The association between reproductive rights and access to abortion services and mental health among US women

Sze Yan Liu, Claire Benny, Erin Grinshteyn, Amy Ehntholt, Daniel Cook, Roman Pabayo

Research output: Contribution to journalArticlepeer-review

3 Scopus citations

Abstract

Background: This study examines whether living in US states with (1) restrictive reproductive rights and (2) restrictive abortion laws is associated with frequent mental health distress among women. Methods: We operationalize reproductive rights using an overall state-level measure of reproductive rights as well as a state-level measure of restrictive abortion laws. We merged data from the 2018 Behavioral Risk Factor Surveillance System (BRFSS) with these state-level exposure variables and other state-level information. We used multilevel logistic regression to assess the relationship between these two measures and the likelihood of reporting 14 or more days of frequent mental health distress. We also tested whether associations differed across race, household income, education, and marital status. Results: In the adjusted models, a standard deviation-unit increase in the reproductive rights score was significantly associated with decreased odds of reporting frequent mental health distress (OR = 0.95, 95% CI = 0.91, 0.99). Women in states with very hostile abortion restrictions had higher odds of frequent mental health distress. Associations between state-level abortion restrictions were larger among women 25–34 years old and women with a high school degree. For example, women aged 25–34 years residing in moderate (OR = 1.54, 95% CI = 1.14, 2.04), hostile (OR = 1.59, 95% CI = 1.15, 2.18), and very hostile (OR = 1.29, 95% CI = 1.02, 1.64) states were more likely to report frequent mental health distress than women living in states with less restrictive abortion policies. Conclusion: We found the association between state-level restrictions on reproductive rights and abortion access and frequent mental health distress differed by age and socioeconomic status. These results suggest abortion rights restrictions may contribute to mental health inequities among women.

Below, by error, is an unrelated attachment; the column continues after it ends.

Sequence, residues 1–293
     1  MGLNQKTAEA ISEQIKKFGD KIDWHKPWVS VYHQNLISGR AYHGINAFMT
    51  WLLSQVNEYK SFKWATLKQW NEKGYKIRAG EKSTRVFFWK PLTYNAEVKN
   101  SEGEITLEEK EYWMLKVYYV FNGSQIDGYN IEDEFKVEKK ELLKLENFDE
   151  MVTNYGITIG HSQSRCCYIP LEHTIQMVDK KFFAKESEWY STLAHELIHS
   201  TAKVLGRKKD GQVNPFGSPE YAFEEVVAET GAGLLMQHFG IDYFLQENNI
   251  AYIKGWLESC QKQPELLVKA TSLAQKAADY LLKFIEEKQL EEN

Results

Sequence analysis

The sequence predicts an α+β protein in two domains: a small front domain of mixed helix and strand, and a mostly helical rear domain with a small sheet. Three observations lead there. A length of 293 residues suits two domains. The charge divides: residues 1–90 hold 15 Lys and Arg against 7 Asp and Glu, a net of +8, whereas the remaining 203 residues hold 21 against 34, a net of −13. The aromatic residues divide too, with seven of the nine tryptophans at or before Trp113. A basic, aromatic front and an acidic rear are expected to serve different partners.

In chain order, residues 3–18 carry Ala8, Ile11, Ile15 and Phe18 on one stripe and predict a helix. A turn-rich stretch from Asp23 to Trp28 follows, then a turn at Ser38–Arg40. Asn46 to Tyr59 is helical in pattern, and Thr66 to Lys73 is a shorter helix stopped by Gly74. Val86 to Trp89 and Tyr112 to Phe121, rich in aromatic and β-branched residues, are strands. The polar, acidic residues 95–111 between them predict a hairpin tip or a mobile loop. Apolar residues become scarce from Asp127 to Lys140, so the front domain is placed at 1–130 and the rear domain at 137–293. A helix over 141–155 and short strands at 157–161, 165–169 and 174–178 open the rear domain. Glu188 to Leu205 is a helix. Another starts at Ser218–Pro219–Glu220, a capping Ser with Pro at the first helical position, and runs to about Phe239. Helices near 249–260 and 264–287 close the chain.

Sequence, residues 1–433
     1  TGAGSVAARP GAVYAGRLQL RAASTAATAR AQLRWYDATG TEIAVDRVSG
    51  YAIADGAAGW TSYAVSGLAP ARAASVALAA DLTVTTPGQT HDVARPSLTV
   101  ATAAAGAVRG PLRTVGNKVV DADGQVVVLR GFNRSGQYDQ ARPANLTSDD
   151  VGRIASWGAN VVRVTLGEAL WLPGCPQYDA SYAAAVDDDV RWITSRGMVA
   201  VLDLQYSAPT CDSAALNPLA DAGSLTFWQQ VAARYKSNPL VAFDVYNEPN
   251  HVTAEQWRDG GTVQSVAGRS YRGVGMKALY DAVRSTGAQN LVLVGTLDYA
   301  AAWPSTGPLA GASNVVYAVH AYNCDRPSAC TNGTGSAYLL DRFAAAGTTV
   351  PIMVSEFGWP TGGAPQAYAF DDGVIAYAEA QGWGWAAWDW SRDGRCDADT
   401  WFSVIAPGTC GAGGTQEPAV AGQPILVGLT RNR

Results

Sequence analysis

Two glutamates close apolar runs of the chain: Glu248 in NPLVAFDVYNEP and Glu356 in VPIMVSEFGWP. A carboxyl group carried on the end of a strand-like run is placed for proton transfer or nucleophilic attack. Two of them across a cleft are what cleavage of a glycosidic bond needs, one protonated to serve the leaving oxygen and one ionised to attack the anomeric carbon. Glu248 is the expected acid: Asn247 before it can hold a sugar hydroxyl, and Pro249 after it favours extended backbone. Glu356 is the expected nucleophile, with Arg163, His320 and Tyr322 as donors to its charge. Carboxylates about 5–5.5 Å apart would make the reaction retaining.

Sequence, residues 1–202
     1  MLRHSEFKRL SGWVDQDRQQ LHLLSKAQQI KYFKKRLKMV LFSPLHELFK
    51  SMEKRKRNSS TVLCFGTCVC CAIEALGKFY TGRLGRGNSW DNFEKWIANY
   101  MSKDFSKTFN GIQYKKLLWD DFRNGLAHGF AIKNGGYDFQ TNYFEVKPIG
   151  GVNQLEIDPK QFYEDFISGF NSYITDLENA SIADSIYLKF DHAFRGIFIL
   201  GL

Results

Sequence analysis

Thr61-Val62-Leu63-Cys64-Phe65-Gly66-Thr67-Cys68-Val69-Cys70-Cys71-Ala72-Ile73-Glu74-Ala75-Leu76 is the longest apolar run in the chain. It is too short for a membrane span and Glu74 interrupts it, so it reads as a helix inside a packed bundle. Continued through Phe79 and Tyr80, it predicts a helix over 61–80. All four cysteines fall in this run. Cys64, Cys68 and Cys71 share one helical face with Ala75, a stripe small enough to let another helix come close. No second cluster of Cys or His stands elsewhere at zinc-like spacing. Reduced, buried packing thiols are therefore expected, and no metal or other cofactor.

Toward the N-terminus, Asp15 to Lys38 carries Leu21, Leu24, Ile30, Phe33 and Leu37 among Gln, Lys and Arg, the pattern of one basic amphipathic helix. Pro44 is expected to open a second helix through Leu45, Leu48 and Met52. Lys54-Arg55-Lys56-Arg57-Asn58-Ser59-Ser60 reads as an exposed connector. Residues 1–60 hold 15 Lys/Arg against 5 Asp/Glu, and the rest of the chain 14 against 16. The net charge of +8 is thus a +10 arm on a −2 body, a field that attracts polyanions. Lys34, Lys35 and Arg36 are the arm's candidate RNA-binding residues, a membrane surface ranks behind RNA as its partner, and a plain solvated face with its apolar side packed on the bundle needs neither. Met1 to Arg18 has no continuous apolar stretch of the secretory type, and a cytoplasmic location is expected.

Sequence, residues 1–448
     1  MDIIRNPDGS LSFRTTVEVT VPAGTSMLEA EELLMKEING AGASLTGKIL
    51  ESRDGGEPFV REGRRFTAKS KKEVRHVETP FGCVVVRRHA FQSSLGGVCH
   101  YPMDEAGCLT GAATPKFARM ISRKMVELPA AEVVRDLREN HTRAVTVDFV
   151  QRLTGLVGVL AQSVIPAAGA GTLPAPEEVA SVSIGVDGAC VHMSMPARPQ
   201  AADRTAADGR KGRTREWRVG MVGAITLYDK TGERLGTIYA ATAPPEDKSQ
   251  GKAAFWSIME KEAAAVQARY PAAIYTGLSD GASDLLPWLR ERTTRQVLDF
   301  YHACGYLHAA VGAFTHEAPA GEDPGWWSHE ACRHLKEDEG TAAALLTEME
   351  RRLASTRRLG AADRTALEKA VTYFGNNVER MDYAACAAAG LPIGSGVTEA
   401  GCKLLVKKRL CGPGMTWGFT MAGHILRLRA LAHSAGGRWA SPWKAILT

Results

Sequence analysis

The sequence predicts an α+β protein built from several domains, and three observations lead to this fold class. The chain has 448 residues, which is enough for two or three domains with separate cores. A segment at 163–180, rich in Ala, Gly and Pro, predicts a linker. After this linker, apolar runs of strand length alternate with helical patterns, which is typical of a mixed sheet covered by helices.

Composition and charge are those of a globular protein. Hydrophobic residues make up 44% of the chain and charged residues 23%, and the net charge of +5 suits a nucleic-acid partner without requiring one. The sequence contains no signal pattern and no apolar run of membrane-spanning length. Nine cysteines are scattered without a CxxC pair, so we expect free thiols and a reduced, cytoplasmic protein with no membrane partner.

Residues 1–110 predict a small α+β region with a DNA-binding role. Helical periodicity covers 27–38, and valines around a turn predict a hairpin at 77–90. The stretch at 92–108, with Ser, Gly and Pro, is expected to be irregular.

Original languageEnglish
Article number101428
JournalSSM - Population Health
Volume23
DOIs
StatePublished - Sep 2023

Keywords

  • Mental health
  • Policy
  • Reproductive rights
  • Women

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